I avoid making New Year’s resolutions, for the same reason most people should: I don’t keep them. But the other day I jokingly told someone I was giving up smoking in 2008, and it suddenly hit me – the secret to resolutions that can be kept.
I do need a new leaf to turn over, one that’s not buried under snow or deteriorating in my home’s overloaded gutters. Let’s face it: 2007 sucked. Illness, marriage breakups, car breakdowns, sewer backups, roof leakage (again), career backfires – and that’s just me. A lot of my friends had it much, much worse.
Yet 2008 has the potential of being even suckier than 2008. You don’t think so? Two words: Presidential campaign. I rest my case.
We need something to bring us up, and give us hope for better things in the future. I
mean real hope, not the same, tired, retread lines that the candidates will be giving us. Ordinarily, New Year’s resolutions don’t really give us that hope, because we set the goals impossibly high:
“I’m going to lose 20 pounds by April.”
No you’re not. It’s winter, and you’re surrounded by leftover Christmas candy. We’ll be lucky if we don’t gain 20 pounds by April.
“I’m going to exercise regularly.”
Get real. Did I mention it’s winter? The human animal, like all animals, wants to hibernate in winter. That means sleeping, napping, getting up long enough to find food, and then sleeping again. If you weren’t already exercising regularly, you just picked the worst possible time in the world to start.
The trick to real, measurably improvements in your life is to start them in spring. In January most of us are subconsciously convinced spring will never arrive, and that this will be the year when winter doesn’t just seem to last an eternity – it actually does last an eternity. That’s not logical, but neither is living in the Snow Belt. Walk up to somebody in Buffalo during a January blizzard and ask them why they live there; they’ll have no idea.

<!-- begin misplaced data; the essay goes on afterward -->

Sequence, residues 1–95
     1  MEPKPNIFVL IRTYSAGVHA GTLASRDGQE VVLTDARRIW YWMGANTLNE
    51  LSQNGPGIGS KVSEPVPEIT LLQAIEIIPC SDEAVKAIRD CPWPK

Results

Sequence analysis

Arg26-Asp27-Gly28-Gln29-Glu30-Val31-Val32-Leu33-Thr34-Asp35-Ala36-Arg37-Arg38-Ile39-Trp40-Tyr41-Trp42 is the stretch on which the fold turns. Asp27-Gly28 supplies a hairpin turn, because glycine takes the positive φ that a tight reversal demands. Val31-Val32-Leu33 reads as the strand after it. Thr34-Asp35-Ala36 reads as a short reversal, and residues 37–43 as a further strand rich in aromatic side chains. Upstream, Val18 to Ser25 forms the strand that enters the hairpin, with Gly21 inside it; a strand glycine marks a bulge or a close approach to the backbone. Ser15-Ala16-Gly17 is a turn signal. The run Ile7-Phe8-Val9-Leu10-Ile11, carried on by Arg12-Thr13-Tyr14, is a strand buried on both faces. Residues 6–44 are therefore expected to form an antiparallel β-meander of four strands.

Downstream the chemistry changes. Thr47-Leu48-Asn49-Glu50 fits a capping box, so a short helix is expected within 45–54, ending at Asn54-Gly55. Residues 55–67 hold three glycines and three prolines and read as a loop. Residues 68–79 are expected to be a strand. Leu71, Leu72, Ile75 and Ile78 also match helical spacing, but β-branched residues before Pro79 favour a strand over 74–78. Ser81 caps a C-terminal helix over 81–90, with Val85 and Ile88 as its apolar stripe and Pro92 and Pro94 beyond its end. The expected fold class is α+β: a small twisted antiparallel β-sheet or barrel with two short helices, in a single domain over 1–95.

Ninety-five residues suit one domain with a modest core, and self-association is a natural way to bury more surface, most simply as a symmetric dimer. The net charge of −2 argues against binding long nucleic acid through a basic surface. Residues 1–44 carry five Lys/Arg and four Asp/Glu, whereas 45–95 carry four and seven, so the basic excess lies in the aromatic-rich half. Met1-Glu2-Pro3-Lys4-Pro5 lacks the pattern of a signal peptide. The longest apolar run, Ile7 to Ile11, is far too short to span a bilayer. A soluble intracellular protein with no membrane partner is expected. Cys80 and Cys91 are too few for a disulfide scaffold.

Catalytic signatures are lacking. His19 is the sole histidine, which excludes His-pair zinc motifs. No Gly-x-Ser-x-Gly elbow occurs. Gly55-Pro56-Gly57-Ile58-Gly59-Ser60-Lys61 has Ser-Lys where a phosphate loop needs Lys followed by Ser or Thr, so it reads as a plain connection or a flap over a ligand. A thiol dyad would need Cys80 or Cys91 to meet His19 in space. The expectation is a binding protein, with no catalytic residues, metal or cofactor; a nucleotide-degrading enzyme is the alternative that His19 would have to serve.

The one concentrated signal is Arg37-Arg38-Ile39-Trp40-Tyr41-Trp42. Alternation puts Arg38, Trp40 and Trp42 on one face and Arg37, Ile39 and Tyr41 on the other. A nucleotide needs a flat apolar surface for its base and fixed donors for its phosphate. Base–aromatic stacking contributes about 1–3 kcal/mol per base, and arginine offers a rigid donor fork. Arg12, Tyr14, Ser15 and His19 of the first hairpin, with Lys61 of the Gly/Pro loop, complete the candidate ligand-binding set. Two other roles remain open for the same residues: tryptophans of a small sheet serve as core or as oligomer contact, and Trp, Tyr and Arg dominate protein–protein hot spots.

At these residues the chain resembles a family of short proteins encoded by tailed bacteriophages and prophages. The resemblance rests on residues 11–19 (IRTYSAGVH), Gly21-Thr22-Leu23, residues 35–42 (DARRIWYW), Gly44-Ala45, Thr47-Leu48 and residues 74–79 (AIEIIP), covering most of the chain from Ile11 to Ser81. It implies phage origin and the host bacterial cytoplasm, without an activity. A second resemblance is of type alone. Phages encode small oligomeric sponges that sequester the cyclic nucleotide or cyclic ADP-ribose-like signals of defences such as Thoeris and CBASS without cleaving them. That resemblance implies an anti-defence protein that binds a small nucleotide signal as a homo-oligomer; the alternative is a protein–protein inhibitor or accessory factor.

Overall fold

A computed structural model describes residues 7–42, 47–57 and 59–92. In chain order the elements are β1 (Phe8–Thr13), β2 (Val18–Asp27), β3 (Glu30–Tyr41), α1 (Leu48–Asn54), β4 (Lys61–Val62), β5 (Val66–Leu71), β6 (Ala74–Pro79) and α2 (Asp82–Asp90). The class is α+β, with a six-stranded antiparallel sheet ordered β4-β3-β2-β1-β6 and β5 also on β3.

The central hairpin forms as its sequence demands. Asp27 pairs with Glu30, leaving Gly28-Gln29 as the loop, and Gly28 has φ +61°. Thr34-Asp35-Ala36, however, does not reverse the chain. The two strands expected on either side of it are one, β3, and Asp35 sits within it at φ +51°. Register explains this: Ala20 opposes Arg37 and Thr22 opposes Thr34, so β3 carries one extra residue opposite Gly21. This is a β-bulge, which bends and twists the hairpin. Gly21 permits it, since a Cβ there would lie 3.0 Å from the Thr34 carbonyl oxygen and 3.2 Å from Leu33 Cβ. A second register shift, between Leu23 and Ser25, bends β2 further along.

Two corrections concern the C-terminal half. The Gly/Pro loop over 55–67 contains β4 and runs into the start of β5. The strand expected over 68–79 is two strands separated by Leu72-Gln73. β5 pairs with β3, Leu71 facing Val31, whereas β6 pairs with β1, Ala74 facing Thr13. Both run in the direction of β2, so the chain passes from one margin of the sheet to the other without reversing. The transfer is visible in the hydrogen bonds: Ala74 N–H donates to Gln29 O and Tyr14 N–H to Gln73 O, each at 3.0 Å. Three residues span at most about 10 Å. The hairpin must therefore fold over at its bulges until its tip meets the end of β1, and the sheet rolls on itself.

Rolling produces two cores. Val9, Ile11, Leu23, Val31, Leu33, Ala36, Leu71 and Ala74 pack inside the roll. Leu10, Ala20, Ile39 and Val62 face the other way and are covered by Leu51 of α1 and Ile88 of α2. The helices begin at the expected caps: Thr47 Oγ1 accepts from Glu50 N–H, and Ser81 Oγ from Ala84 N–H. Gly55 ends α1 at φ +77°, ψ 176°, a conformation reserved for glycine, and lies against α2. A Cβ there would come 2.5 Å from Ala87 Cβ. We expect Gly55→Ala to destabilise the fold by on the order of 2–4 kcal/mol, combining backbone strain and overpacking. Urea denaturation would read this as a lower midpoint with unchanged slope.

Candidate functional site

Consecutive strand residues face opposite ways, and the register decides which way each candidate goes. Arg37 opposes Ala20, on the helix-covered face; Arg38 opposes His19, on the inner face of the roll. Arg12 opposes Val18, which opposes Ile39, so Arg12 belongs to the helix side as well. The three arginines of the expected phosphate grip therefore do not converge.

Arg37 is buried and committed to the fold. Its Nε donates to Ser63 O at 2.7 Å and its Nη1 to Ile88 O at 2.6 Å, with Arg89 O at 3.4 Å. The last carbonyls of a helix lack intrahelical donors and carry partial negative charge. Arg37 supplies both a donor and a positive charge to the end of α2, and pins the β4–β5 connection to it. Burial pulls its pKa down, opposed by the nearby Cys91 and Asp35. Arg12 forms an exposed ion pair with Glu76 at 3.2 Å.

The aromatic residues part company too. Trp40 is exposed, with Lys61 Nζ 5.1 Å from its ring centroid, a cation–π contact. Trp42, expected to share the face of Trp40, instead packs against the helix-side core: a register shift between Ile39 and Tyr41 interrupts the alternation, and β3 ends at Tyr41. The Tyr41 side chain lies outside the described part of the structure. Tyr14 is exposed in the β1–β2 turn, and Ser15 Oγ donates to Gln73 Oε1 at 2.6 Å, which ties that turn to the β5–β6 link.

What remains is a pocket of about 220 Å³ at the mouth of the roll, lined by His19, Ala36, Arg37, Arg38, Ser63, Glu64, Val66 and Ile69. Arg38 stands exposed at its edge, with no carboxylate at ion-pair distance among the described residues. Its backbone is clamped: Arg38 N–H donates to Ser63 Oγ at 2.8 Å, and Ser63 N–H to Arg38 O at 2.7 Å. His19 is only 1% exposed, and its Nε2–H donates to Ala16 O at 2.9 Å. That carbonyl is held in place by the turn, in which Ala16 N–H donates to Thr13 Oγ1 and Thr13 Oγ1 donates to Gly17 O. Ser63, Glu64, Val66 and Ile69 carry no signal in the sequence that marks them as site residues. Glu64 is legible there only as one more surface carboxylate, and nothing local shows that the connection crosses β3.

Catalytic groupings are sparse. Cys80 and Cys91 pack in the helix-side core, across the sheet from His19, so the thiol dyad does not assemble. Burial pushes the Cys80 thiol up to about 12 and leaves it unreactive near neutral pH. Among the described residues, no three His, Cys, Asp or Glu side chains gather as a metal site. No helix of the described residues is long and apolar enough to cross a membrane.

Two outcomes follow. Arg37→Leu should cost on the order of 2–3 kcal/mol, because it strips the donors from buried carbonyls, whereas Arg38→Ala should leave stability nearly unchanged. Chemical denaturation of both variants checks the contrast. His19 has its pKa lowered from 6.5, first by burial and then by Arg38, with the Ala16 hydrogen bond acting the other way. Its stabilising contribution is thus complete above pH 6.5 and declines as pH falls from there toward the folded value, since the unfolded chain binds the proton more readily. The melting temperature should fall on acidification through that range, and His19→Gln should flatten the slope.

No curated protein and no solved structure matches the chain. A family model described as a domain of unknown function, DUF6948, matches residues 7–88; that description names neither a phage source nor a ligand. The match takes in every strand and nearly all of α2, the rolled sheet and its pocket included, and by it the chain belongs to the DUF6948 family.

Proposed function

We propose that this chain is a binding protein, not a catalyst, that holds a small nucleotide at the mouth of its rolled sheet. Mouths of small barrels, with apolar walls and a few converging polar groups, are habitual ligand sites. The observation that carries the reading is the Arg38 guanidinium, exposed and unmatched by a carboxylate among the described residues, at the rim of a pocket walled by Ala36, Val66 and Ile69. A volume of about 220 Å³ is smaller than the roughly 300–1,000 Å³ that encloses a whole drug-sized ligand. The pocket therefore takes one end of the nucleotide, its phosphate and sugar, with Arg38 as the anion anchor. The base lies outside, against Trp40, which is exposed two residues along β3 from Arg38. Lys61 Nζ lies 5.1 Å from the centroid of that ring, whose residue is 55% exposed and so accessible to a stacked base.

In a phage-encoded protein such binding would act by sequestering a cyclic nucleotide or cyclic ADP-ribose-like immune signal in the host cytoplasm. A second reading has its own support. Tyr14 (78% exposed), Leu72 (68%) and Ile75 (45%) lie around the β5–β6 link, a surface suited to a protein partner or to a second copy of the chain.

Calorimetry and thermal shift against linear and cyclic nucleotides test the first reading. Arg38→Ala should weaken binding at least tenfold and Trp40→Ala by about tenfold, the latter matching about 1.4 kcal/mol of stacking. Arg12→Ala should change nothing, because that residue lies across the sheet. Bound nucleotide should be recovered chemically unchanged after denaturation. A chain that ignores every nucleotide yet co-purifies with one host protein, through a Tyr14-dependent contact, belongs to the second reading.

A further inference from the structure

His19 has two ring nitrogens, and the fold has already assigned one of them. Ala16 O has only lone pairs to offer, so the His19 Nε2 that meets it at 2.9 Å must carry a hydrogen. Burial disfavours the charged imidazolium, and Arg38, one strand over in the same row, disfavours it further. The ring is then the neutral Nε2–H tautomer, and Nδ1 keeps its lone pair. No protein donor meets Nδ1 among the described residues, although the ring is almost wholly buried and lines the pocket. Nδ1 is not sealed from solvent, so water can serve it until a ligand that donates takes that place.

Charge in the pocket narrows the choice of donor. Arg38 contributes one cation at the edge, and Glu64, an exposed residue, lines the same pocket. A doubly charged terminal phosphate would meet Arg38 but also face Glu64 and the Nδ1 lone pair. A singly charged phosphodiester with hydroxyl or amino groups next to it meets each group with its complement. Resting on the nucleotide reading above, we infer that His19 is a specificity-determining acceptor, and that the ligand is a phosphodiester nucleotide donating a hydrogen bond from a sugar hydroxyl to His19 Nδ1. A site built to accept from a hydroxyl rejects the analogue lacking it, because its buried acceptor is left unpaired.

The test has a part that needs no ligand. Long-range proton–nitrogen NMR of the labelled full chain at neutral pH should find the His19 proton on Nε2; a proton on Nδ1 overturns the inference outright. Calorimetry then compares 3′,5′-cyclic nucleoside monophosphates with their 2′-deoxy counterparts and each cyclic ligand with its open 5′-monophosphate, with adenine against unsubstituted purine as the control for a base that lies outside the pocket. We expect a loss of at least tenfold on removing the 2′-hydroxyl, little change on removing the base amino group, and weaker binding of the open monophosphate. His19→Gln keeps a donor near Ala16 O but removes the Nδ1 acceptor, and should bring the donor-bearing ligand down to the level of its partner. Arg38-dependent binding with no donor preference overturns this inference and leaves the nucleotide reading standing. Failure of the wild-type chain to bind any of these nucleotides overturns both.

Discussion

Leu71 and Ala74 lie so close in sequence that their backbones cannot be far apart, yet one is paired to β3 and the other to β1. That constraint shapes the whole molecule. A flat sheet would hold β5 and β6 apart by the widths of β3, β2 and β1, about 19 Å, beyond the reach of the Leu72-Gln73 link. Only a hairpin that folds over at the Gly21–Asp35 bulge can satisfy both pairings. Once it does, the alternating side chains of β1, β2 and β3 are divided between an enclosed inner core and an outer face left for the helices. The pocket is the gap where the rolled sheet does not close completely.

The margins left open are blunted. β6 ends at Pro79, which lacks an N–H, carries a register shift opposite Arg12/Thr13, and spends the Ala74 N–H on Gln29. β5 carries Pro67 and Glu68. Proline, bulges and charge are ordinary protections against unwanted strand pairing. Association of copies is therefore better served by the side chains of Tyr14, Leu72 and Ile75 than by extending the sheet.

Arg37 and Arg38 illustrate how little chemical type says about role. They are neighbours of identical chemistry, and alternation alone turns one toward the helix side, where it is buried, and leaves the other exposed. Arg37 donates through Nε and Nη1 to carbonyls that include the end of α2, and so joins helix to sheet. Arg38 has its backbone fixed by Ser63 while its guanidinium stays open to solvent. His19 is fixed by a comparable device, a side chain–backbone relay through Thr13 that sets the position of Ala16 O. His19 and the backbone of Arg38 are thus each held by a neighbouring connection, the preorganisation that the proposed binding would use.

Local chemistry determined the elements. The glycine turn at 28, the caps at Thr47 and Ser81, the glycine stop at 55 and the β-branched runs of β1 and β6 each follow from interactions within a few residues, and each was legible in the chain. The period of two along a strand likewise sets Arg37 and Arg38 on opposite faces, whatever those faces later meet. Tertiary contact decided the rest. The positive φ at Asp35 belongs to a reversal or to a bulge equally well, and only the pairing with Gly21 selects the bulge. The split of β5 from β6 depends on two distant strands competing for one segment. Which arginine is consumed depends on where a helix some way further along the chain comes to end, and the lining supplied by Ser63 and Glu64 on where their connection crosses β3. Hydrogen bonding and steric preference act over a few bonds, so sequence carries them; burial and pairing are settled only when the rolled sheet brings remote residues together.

So when the buds really do appear, and the grass really does start to grow, and the slush mountains really do melt away from the Wal-Mart parking lots, you’re looking at something hopeful. That’s the time to go out and change your life.
But it’s not, by definition, a New Year’s resolution. Those must be made at New Year’s time. Otherwise, they’d change the name. See how that works?
A real New Year’s resolution must look good, but in reality be so easy as to be ridiculous. Then, when you’re able to follow it, your mind will be tricked into thinking you’ve done a good deed, and you can reward yourself with lots of Valentine’s candy. Are you a person who never chews your fingernails? Then make a resolution to not chew your fingernails. After a matter of days, you’ll happily notice your fingernails remain unchewed, and you’ve succeeded way more easily than the year before, when you resolved to stay away from chocolate cheesecake.
Armed with that inspiration, I made up my own 2008 New Year’s resolution list:
I resolve to not smoke a single cigarette during 2008.
So far, so good. As I write this we’re only 3 days into the year, but since I’ve never smoked before in my life, confidence is high.
I resolve to give up alcohol.
Since I gave up alcohol after that 21st birthday debacle that people keep telling me about, but which I can’t actually remember, I’m on solid ground here. The only problem will be if the videotape resurfaces, driving me back to drinking.
I resolve to get a girlfriend, and fall in love.
Take note that if you’re going to do both of these things, it should be with the same girl. As it happens, the only decent thing that happened to me in 2007 was getting a girlfriend, and since we actually got together just before 2007, even that doesn’t count. She’s been putting up with me for a year, now; I think it’s possible she may keep me.
I know what you’re thinking: Does it count if you resolve to do something you’ve already done? Yes, it does – that’s the point. It’s not as challenging, but if I want to be challenged I’ll go out to the edge of my driveway, with my plastic snow shovel, and fight the state highway crews for dominance.
I resolve to read more novels.
This one’s a bit iffy, because it requires me to actually do something in the future. However, I love reading, so I’ve got a good shot at it. By making this resolution, I’m challenging myself to cut down on something I don’t like doing so much, in return for doing something I do enjoy. If I don’t trim the hedges quite so often, where’s the harm? Think of all that extra underbrush as free insulation for my home, and shelter for small animals. And deer. And armored vehicles.
I resolve to stop working on my own car, and let people who know what they’re doing handle it.
Well, that’s certainly easy; I gave up working on my car after the big carburetor incident of 1998. Ask my brother, who just sighs and opens his toolbox whenever I pull (or am pulled) into his driveway. Besides, I can’t really work on mechanical items: court order.
Finally, I resolve to make fun of politicians in 2008.
That one’s so easy, it’s like taking candy from a baby. Which brings me back to politicians.
Try it yourself. You might be surprised, and greatly encouraged, to find out how easy it is to do something you’re already doing. Now, if you’ll excuse me, I’ve resolved to keep my M&M dispenser filled.